Saturday, April 19, 2008

McLean's: Protest While You Still Can

The title of this McLean's article says it all: Human rights commissions are undermining the fundamental Charter rights of all Canadians. Protest while you still can.
The net result of allowing Section 13(1) to stand is that all manner of political and social and religious debate is now vulnerable to censure under Canada's ill-defined human rights apparatus. To engage in free and wide-ranging discussion on issues of politics, race, religion, terrorism, fanaticism, foreign policy, or domestic policy is to court being stigmatized as a bigot. That risk will chill discussion of the war in Iraq, the push to introduce sharia law in Ontario, Canada's anti-terrorism act, or Quebec's reasonable accommodation hearings, to name just a few examples. Given that the commissions are not led by judges, but are increasingly staffed by political activists — who aren't required to respect normal rules of evidence, courtroom procedure, or the defence of truth — the system seems fundamentally skewed against anyone who finds themselves accused.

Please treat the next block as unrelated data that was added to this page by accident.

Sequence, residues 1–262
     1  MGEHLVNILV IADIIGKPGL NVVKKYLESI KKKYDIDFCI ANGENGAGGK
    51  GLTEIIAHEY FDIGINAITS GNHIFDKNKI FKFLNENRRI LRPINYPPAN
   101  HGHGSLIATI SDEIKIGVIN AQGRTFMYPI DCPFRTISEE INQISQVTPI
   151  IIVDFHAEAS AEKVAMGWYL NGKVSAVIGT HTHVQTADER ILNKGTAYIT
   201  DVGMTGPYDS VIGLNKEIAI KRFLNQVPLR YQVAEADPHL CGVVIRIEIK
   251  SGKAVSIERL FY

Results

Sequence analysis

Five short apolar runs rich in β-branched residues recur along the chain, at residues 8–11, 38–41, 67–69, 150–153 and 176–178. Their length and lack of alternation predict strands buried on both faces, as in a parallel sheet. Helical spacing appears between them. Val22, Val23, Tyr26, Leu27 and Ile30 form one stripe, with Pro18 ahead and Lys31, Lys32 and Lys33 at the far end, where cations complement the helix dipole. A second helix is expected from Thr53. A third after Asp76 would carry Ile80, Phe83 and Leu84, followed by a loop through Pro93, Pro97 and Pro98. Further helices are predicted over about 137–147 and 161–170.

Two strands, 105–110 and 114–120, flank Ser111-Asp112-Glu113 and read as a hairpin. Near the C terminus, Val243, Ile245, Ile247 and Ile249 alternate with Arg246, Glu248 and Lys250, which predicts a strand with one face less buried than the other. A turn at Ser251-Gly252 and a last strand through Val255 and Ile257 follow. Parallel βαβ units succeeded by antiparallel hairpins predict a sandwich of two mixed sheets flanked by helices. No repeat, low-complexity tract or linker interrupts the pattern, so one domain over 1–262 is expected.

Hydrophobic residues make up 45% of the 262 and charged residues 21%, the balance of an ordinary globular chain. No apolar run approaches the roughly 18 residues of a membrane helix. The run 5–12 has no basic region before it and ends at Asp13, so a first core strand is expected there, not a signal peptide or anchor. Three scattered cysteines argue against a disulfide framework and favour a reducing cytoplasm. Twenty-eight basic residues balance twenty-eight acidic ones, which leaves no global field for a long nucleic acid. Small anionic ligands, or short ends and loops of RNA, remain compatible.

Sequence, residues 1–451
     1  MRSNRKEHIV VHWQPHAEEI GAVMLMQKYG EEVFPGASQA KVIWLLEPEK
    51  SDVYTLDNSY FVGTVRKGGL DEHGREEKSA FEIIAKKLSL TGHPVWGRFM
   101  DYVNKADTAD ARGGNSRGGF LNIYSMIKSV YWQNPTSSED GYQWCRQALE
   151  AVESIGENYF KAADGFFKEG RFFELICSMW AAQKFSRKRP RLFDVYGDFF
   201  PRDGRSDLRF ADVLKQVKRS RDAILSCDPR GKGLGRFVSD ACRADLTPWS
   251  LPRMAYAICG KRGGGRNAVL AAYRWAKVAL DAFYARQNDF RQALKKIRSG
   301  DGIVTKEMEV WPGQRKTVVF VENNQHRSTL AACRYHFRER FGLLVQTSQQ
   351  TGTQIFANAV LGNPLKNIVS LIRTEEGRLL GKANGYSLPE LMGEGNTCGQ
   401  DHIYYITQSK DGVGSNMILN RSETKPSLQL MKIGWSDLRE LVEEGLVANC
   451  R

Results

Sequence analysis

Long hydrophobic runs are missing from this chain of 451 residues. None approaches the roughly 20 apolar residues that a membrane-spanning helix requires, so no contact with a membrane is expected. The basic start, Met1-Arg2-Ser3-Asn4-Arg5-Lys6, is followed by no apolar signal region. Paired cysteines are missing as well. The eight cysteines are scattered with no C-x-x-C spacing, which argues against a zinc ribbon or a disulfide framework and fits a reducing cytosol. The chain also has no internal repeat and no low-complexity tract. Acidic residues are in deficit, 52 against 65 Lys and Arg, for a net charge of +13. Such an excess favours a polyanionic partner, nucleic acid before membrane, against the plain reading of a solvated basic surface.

First they came for the independent journalists and "politically incorrect" bloggers. Unless you want them to come for you - protest while you still can.

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